This insane shooter was one of the games that launched on the Live Marketplace alongside the actual Xbox 360 itself, and back when we reviewed the console we said it was one of the best things you could play on the console. How has time, and competition from other Live shooters, treated it?
Well, we originally said that it had "eye-bleed-inducing visuals", and that has certainly not changed. The graphical style of GW builds on the worlds created in games like Robotron and Tempest, a kind of abstract art against space backdrop
style. In HD, the game really looks incredibly good, and as you progress up the levels, you'll struggle to stop yourself having an epileptic fit as the enemies on screen and the weapons fire gets chaotic.
The gameplay is still just as simple as it was then. The idea is to move your ship with one stick, direct your fire with the other - the formula that Robotron launched that has been just as successful with ancient games like Llamatron as it is here. Thankfully, the 360 analogue sticks are up to the job of the precise control needed to weave the craft in and out of the masses of enemy ships.
But, having now played the game for around a year, it's interesting to see that it still
keeps bringing me back. It still keeps me trying to beat my top score. GW is an easy game to get playing, but is, at times, frustratingly difficult to master. Learning to get to a 50,000 score is fairly simple. Getting to 200,000 will take a few new tactics and some thought. Getting beyond that to 750,000 or so will require hours and hours and hours of practice and frustration - every time you start the game, obviously, you have to play through the first few hundred thousand points again, which can mean you play without a hitch for twenty minutes, only to get the point where you're struggling to beat, spend five minutes there and be dead. Frustrating, but compulsive.
Having said this, I have quite a few friends that can't stand
the game. Just can't see what's fun about it. So here's my advice - go grab the demo, and just play it. If you're hooked by the hypnotic visuals and graphics, you won't think twice about splashing the pocket money required to buy it. If you can't see what all the fuss is all about... then just move on to the next thing.
Hands up if you've never played Doom? Thought not. Almost anybody with any heritage in PC gaming whatsoever has cut their teeth, at some point, on Id Software's classic. And we mean 'classic' in the truest sense of the word - this is really the exemplar game that built a generation. An industry has been built on this game. It's the stuff of which legends are made.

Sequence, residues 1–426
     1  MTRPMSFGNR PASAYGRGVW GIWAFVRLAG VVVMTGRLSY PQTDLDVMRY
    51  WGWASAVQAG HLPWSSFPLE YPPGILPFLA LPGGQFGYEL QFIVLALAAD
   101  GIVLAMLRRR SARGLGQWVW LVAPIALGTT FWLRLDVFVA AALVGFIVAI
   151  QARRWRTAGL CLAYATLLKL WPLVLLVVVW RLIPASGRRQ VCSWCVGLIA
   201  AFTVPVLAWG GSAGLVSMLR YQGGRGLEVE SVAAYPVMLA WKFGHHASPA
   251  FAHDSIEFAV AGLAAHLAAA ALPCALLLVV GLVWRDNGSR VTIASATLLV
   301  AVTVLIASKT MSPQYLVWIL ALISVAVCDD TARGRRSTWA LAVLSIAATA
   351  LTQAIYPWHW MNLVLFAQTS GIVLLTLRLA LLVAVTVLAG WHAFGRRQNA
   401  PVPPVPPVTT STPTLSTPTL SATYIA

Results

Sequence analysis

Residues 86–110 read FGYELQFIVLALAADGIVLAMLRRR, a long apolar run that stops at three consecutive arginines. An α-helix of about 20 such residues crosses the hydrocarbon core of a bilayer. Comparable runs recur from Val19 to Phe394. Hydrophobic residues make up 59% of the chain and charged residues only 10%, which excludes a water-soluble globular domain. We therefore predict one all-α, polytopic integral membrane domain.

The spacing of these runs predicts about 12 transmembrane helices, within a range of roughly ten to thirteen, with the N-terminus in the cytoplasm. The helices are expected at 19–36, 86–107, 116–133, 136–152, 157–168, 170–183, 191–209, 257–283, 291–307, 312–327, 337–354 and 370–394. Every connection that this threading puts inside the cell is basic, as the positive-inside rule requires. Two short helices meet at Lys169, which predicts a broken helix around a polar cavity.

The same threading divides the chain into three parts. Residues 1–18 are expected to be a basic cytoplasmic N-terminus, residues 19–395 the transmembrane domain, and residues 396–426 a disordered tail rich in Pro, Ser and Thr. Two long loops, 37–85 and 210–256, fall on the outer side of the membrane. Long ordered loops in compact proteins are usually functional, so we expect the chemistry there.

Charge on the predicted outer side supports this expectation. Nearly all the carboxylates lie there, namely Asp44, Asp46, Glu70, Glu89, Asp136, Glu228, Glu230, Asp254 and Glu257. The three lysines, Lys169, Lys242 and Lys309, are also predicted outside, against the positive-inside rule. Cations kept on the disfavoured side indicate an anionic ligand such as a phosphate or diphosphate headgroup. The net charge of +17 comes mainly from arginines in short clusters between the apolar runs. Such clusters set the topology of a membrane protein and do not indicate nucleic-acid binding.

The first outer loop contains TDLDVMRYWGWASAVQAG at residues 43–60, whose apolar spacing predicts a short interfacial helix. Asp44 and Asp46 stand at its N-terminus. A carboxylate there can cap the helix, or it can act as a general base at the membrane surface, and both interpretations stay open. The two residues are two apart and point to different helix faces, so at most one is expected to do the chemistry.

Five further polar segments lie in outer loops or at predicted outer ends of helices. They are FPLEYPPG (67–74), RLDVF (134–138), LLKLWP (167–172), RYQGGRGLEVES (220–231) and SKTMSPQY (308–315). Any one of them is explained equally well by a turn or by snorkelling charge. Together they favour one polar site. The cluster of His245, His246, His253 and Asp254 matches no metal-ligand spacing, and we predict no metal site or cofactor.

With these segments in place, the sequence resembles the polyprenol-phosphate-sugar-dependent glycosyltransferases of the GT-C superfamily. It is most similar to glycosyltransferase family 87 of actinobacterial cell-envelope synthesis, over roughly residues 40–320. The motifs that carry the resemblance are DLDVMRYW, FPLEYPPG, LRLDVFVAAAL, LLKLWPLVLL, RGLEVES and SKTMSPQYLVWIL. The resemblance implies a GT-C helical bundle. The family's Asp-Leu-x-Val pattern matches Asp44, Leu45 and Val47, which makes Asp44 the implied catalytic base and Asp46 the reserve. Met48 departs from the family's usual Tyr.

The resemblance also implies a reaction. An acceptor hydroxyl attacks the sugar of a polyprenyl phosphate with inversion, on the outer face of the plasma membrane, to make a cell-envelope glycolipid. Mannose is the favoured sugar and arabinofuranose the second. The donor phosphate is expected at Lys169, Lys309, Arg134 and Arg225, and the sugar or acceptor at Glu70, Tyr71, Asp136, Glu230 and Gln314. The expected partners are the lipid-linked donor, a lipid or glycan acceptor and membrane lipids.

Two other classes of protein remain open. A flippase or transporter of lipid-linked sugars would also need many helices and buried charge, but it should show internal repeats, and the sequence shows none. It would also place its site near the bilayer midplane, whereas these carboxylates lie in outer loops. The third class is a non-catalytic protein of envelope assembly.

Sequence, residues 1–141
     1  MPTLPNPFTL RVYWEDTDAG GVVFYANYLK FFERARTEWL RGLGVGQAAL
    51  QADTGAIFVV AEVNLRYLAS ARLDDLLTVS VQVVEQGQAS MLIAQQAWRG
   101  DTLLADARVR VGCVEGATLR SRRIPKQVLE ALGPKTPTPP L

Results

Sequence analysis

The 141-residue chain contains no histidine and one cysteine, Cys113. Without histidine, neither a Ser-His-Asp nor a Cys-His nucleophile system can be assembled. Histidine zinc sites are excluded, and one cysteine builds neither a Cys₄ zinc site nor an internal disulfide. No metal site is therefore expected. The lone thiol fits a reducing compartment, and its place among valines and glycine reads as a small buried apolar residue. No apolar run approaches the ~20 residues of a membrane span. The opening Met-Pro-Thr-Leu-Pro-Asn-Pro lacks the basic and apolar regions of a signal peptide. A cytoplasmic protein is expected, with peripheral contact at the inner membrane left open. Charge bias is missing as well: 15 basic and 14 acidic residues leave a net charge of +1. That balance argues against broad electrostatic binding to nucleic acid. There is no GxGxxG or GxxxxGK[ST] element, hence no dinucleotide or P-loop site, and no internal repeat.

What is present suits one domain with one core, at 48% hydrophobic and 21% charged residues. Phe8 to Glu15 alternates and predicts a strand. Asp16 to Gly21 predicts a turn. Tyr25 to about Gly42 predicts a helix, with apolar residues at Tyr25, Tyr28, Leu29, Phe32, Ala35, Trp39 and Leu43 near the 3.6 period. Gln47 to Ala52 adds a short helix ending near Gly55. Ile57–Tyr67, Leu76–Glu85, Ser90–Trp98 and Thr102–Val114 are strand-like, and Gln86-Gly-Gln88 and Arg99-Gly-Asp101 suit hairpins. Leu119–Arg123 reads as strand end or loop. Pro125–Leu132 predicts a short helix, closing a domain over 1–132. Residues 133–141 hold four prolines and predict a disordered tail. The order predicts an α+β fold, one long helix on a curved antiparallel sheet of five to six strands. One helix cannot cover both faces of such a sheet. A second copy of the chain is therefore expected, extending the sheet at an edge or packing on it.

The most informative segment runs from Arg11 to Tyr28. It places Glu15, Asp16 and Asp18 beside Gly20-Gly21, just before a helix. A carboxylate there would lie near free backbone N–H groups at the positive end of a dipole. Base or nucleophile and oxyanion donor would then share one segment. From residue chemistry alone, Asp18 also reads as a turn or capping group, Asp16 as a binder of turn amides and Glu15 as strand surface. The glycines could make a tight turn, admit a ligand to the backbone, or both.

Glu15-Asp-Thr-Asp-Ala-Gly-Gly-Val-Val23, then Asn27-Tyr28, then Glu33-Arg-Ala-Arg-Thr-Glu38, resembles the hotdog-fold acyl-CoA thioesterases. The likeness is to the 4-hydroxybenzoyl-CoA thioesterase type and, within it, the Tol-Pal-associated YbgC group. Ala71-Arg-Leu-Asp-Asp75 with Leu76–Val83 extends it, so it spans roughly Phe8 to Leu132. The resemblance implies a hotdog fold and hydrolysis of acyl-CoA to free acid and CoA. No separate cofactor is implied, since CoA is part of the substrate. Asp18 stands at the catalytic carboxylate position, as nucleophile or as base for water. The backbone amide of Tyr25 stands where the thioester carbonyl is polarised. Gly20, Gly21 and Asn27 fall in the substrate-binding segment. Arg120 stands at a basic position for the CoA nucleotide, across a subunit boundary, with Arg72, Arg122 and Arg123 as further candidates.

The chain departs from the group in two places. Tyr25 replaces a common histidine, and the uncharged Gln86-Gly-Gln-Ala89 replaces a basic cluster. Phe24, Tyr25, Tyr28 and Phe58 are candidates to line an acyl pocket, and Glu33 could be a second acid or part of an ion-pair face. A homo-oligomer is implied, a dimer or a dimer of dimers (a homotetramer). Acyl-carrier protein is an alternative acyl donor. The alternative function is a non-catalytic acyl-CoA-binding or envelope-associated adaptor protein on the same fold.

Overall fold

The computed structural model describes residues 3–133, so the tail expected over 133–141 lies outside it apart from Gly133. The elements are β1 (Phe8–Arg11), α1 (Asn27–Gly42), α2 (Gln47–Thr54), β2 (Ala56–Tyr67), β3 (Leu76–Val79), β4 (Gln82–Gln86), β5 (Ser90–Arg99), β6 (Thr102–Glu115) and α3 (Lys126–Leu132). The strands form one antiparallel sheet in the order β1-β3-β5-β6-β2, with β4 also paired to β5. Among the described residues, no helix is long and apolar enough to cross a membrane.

Unfortunately, it's also the stuff of which ropey sequels are made. Whilst Doom 2 was pretty good, adding a few new weapons and monsters and sating our appetites for more fun, Doom 3 was a good-looking travesty, offering slow-paced, linear gameplay which merely served to pull you through the stunningly-lit levels. With that bitter taste in the mouth, it's hard to contemplate going back to play the original. I mean, it's not going to be that good, right?
Wrong. Doom, on the 360, feels better than it has any right to be. For starters, the console controls work really well - how did that happen? For those who played the game on keys, with ALT as the strafe modifier, you'll find it bizarrely easy to pick up the 360 pad and get straight into the game. Standard FPS console controls abound, but with, obviously, no looking up or down on the right hand stick. It shouldn't work, but it does.
The game itself is actually better for the history. Playing the game, you can see the things it did, the cues it had and the lessons it taught, with the benefit of the experience of hundreds of other FPS games over the years. Doom still does things well that other games do not. When was the last time you went to hunt down a secret door or weapon in an FPS level? Secrets don't even exist in most modern games, but they were a crucial part of the Doom experience, and their inclusion here reminds you of what you're missing.
Online multiplayer is fun, although doesn't exactly have a vast number of game modes. However, more fun is the four-way split-screen deathmatch, which makes for perfect post-pub fodder - the double header of this and Worms will surely keep you up all night! Doom is superbly fun to play in multiplayer, although it's not going to replace Pro Evo in the long term, we suspect.
All in all, most PC gamers will enjoy this and the throwback it provides. Making your way through all four episodes basically means that each episode costs a pound, which is stunning value for money.